13 IV. Kingdom Fungus Chapter 31 - Fungi 2. General life cycle of fungus: G. Life cycle of fungi Sexual reproduction - Begins when two distinct mycelia of different mating types (+ and -) secrete pheromones that bind to receptors on each others surfaces. - Hyphae then grow toward each other using mitotic cell division (they follow the pheromone) and fuse those cells that meet from the + and – will fuse = plasmogamy. A. Plasmogamy.

14 IV. Kingdom Fungus Chapter 31 - Fungi 2. General life cycle of fungus: G. Life cycle of fungi Sexual reproduction In the case of ascomycetes, the minus (-) cells move toward the plus (+) cell hyphae, bind, and then fuse (plasmogamy) forming a dikaryotic cell known as an ascus. A. Plasmogamy.

15 IV. Kingdom Fungus Chapter 31 - Fungi 2. General life cycle of fungus: G. Life cycle of fungi Sexual reproduction B. Karyogamy Fusion of the two nuclei of the dikaryotic cell forming a diploid cell…the ZYGOTE (could occur hours, days or years later). This is similar to a sperm fusing with an ovum. Both haploid followed by plasmogamy, then karyogamy to form the zygote!! A. Plasmogamy.

16 IV. Kingdom Fungus Chapter 31 - Fungi 2. General life cycle of fungus: G. Life cycle of fungi - Meiosis follows karygomy restoring haploid mycelium that will produce spores. Sexual reproduction B. Karyogamy A. Plasmogamy. C. Meiosis Specifically in the ascomycotes, meiosis occurs, but not cytoplasmic division resulting in a four haploid nucleus cell.

17 IV. Kingdom Fungus Chapter 31 - Fungi 2. General life cycle of fungus: G. Life cycle of fungi - Mitosis of the haploid cells will produce spores of the (+) and (-) types. Sexual reproduction B. Karyogamy A. Plasmogamy. C. Meiosis In the ascus, mitosis occurs resulting in an eight haploid nucleus cell (ascus). D. Mitosis Cell walls form around the nuclei turning them into spores (ascospores)

18 IV. Kingdom Fungus Chapter 31 - Fungi 2. General life cycle of fungus: G. Life cycle of fungi - The (+) and (-) spores grow by mitotic cell division to form new mycelia Sexual reproduction B. Karyogamy A. Plasmogamy. C. Meiosis D. Mitosis E. Germination

19 IV. Kingdom Fungus Chapter 31 - Fungi 2. General life cycle of fungus: G. Life cycle of fungi - Minus (-) Mycelia (haploid) will use mitotic cell division to make spores and these spores will become new mycelia. ASexual reproduction Conidia = Asexual spores of ascomycetes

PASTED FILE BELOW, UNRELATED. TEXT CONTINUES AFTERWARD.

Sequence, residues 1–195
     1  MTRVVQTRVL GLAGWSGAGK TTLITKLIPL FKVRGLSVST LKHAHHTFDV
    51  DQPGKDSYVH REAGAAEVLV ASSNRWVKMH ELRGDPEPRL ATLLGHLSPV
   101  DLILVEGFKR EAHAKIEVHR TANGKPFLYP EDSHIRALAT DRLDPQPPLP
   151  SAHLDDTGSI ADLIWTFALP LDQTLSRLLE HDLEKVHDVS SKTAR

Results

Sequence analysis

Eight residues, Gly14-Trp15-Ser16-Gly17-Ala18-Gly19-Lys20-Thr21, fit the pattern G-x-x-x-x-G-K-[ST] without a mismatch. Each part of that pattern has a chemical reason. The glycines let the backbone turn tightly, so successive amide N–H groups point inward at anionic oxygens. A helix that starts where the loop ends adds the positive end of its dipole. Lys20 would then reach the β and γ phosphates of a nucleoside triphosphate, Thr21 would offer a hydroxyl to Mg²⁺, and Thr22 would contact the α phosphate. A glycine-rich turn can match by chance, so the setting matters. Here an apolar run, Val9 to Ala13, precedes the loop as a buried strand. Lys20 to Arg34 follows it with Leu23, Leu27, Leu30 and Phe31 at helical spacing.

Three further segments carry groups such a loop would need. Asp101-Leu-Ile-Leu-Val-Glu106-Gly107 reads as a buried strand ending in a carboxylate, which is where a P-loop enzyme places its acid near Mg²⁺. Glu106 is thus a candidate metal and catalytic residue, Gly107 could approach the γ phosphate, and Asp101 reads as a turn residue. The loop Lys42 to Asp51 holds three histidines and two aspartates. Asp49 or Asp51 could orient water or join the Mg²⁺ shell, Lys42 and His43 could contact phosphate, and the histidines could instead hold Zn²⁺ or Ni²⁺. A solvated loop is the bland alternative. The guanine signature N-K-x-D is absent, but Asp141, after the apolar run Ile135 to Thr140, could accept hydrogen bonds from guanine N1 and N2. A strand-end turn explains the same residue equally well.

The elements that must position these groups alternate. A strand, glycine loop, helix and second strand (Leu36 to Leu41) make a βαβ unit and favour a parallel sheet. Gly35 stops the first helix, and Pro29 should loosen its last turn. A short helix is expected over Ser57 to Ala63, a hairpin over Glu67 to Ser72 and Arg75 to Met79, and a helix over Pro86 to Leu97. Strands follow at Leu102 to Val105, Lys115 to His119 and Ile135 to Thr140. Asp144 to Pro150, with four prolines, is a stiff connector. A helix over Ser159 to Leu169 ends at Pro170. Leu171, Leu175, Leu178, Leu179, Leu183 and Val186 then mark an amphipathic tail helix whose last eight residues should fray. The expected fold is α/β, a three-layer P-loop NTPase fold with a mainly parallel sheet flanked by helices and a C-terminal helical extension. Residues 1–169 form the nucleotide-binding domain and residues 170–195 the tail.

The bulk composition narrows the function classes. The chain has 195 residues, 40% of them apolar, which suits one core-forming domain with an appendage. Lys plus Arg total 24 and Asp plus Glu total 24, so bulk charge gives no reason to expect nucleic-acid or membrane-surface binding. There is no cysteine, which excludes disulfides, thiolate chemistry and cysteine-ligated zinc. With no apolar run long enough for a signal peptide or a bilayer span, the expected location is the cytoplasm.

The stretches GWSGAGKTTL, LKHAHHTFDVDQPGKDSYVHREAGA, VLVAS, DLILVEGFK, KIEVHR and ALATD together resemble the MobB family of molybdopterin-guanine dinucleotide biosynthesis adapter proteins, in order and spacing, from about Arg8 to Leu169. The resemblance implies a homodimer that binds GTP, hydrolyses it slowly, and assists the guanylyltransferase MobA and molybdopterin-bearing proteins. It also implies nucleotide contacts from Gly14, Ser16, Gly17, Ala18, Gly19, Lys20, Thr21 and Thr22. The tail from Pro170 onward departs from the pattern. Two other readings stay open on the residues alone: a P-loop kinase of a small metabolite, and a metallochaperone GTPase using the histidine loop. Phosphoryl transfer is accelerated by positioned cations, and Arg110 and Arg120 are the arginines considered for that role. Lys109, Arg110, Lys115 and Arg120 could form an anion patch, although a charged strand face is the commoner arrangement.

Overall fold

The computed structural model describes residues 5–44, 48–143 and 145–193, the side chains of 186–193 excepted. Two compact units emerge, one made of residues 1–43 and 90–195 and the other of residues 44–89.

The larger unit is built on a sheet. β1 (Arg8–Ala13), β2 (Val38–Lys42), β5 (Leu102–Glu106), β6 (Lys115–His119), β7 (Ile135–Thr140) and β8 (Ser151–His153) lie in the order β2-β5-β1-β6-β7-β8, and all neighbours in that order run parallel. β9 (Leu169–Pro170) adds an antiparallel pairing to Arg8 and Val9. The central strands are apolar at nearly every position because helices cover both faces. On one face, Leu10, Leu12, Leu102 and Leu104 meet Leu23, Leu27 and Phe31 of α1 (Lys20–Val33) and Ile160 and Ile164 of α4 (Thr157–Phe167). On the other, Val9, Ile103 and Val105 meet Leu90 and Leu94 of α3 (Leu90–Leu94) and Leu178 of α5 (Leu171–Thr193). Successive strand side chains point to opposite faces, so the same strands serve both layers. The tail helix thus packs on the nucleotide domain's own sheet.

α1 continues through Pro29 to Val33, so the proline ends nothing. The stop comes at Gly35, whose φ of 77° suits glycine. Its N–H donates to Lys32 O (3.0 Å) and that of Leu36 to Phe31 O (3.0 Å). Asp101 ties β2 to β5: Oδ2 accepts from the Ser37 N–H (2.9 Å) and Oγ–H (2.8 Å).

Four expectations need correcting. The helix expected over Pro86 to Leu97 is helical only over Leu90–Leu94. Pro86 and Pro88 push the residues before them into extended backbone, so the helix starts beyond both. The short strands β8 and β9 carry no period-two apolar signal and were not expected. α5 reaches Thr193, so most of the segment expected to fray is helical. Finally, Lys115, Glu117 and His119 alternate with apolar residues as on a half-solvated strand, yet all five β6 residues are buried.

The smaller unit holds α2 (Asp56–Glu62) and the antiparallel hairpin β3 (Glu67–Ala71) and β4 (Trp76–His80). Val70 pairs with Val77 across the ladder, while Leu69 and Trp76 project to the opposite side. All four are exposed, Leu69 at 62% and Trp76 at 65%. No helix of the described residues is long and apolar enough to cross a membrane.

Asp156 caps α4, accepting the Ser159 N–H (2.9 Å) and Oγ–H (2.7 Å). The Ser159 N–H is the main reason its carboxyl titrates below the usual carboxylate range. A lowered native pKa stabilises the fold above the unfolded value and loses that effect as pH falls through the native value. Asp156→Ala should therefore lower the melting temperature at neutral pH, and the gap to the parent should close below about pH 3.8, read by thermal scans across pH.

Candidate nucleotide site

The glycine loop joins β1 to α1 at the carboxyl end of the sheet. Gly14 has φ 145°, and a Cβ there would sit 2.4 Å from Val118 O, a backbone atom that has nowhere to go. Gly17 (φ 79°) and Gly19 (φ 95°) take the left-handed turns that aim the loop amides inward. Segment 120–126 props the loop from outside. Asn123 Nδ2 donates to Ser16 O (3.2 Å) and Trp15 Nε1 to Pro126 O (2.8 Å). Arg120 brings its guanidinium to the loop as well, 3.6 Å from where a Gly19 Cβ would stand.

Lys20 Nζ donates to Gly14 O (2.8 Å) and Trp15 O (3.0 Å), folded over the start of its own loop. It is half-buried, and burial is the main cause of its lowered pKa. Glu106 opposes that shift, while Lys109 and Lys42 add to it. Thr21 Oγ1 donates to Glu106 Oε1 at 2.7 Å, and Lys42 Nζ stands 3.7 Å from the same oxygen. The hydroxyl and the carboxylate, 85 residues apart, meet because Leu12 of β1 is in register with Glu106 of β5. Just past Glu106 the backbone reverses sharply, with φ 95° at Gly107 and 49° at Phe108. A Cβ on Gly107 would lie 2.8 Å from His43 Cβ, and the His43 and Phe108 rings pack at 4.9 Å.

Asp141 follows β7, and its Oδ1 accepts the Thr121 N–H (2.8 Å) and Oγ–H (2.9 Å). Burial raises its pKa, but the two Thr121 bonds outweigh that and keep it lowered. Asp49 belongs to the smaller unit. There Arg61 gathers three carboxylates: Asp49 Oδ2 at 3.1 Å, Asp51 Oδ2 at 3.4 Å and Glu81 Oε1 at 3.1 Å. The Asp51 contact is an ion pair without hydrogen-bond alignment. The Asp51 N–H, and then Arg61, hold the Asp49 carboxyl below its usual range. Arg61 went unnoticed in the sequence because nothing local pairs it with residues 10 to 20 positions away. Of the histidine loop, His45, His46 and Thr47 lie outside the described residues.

20 IV. Kingdom Fungus Chapter 31 - Fungi G. Life cycle of fungi Molds - Any multicellular fungus that can reproduce rapidly and asexually. It is a general term. Many of these fungi can reproduce sexually, but mold refers only to the asexual stage. Yeast - Reproduce predominantly asexually not by using spores, but by budding, a type of simple form of cell division. Sometimes they reproduce sexually. 2. General life cycle of fungus:

21 IV. Kingdom Fungus Chapter 31 - Fungi H. Fungi Evolved from a single-celled flagellated protists The five major phyla of fungi:

22 IV. Kingdom Fungus Chapter 31 - Fungi H. Fungi Evolved from a single-celled flagellated protists 4. Ascomycetes - 32,000 species - Production of sexual spores in saclike asci - Therefore commonly called sac fungi - Vary from unicellular yeast including bread/beer/wine making yeast (Saccharomycetes cerevisiae) to cup fungi and morels - Consist of some of most deadliest plant pathogens making them relevant to agriculture - More than 40% are lichens – mutualistic relationship between fungi and unicellular chlorophytes (green algae) or with cyanobacteria. - Others form mycohorrhizae Lichen growing on a tree:

23 IV. Kingdom Fungus Chapter 31 - Fungi H. Fungi Evolved from a single-celled flagellated protists 4. Ascomycetes Lichen: The algae will reproduce asexually. A mutualistic relationship between: 1. ascomycete fungus and green algae or 2. Ascomycete fungus and cyanobacteria. - Algae/cyanobacteria do photosyn and produce organic compounds for fungus, while fungus provides place to live as well as water and minerals obtained mostly from airborne dust or rain – why they can grow on rock ( hence pioneer species in primary succession).